March 4, 2017

SHOWBUZZDAILY Series Premiere Review: “The Arrangement”


THE ARRANGEMENT:  Sunday 10PM on E! – If Nothing Else Is On…

E! stays on-brand with its second scripted series THE ARRANGEMENT, which plays off the rumors that surrounded Tom Cruise’s marriage to Katie Holmes.  It’s got celebrity and the heat of a scandal roman a clef, but it completely lacks the saucy, junky flair of the network’s guilty pleasure The Royals.  The pilot, at least, is even a little bit dull.

Much of this is because series creator Jonathan Abrahams (a writer/producer on TNT’s defunct Murder In the First) wants to have his gossip cake and eat it too, loading up as much on gauzy romance as on sinister potential.  While The Royals revels in cynicism (and sometimes manages to find some genuine-ish heartbreak between the quips), The Arrangement is all too doe-eyed.  So while our Tom stand-in Kyle West (Josh Henderson of the rebooted Dallas) offers our Katie, here named Megan Morrison (Christine Evangelista), a $10M fee for becoming his bride, she really does have feelings for him, and he appears to genuinely care about her too.  (Even E! won’t touch some of the Cruise rumors, and the pilot has a careful line of dialogue for Kyle to deny that he has any need of a “beard.”)  The only overlay of genteel menace comes from Terrence Anderson (Michael Vartan), head of the show’s Scientology substitute, dubbed The Institute Of The Higher Mind.

Kyle and Megan are an awfully bland pair.  Evangelista has the excuse that Megan is meant to be naive and overwhelmed by the new world she finds herself in, and she at least supplies some likable spunk.  Henderson, though, doesn’t display any of the undercurrents that have made Cruise fascinating both as an actor (well, until recently) and public figure over three decades.  Abrahams’s script gives no sense of what would have attracted Kyle to the Institute, and although all that may come later, it gives his drama a shaky foundation.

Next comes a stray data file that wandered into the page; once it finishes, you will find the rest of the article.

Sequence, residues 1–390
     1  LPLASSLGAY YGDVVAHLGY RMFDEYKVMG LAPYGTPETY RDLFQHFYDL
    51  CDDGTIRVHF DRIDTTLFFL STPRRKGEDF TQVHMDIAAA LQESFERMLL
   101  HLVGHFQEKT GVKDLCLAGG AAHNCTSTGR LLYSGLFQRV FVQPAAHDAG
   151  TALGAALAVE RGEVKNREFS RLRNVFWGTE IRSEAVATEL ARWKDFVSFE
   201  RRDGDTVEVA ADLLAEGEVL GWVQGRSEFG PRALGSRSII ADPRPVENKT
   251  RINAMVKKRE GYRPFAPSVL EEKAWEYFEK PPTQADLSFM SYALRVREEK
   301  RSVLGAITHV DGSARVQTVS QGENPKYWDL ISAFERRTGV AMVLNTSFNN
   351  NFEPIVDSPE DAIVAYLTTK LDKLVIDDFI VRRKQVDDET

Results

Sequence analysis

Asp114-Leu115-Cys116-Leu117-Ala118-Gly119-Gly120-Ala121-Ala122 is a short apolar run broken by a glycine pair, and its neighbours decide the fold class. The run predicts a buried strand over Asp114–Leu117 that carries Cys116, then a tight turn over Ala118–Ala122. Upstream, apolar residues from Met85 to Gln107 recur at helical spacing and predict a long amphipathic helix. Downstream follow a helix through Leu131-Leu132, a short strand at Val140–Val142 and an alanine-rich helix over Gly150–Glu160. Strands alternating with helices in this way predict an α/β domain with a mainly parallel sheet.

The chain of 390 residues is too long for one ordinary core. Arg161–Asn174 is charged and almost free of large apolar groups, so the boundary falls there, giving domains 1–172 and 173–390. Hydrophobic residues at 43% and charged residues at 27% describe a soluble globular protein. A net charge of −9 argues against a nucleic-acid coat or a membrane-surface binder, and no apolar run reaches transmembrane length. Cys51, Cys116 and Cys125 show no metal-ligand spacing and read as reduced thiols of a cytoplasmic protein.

It certainly doesn’t help that the dialogue is tinny, that the supporting characters like Megan’s fast-talking agent (Autumn Reeser) are mostly cliches, or that Ken Olin’s glossy direction can’t hide the fact that this very LA story is mostly shot in Canada.  In a show like The Arrangement, though, much of that could be excused if the result were juicily compelling, and that’s something the opening hour doesn’t deliver.  In the incredibly crowded field of Sunday scripted drama, The Arrangement doesn’t offer much of a quid pro quo for the attention of viewers.  It looks like a bad deal.

About the Author

Mitch Salem
MITCH SALEM has worked on the business side of the entertainment industry for 20 years, as a senior business affairs executive and attorney for such companies as NBC, ABC, USA, Syfy, Bravo, and BermanBraun Productions, and before that, at the NY law firm of Weil, Gotshal & Manges. During all that, he has more or less constantly been going to the movies and watching TV, and writing about both since the 1980s. His film reviews also currently appear on and In addition, he is co-writer of an episode of the television series "Felicity."